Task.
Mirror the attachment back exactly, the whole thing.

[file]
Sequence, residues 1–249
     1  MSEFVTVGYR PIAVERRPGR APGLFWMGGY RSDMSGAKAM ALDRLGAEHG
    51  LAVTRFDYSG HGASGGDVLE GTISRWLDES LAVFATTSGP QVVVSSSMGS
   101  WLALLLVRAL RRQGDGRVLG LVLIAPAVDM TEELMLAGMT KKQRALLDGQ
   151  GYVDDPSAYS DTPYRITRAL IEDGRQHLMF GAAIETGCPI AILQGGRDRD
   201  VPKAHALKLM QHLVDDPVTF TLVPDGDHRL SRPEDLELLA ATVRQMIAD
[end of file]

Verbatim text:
Sequence, residues 1–249
     1  MSEFVTVGYR PIAVERRPGR APGLFWMGGY RSDMSGAKAM ALDRLGAEHG
    51  LAVTRFDYSG HGASGGDVLE GTISRWLDES LAVFATTSGP QVVVSSSMGS
   101  WLALLLVRAL RRQGDGRVLG LVLIAPAVDM TEELMLAGMT KKQRALLDGQ
   151  GYVDDPSAYS DTPYRITRAL IEDGRQHLMF GAAIETGCPI AILQGGRDRD
   201  VPKAHALKLM QHLVDDPVTF TLVPDGDHRL SRPEDLELLA ATVRQMIAD